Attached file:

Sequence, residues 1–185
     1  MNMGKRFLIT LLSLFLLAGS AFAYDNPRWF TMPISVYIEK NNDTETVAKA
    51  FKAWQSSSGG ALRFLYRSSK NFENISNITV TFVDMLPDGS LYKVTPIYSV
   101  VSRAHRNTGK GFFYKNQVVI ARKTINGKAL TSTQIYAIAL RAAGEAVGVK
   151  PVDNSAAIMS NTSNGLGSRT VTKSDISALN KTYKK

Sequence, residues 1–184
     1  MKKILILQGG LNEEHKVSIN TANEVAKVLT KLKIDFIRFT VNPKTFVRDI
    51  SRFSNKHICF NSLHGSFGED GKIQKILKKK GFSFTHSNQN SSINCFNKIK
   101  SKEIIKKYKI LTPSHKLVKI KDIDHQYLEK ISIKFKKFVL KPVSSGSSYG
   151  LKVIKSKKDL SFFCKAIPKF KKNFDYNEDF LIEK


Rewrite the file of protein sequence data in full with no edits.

Sequence, residues 1–185
     1  MNMGKRFLIT LLSLFLLAGS AFAYDNPRWF TMPISVYIEK NNDTETVAKA
    51  FKAWQSSSGG ALRFLYRSSK NFENISNITV TFVDMLPDGS LYKVTPIYSV
   101  VSRAHRNTGK GFFYKNQVVI ARKTINGKAL TSTQIYAIAL RAAGEAVGVK
   151  PVDNSAAIMS NTSNGLGSRT VTKSDISALN KTYKK

Sequence, residues 1–184
     1  MKKILILQGG LNEEHKVSIN TANEVAKVLT KLKIDFIRFT VNPKTFVRDI
    51  SRFSNKHICF NSLHGSFGED GKIQKILKKK GFSFTHSNQN SSINCFNKIK
   101  SKEIIKKYKI LTPSHKLVKI KDIDHQYLEK ISIKFKKFVL KPVSSGSSYG
   151  LKVIKSKKDL SFFCKAIPKF KKNFDYNEDF LIEK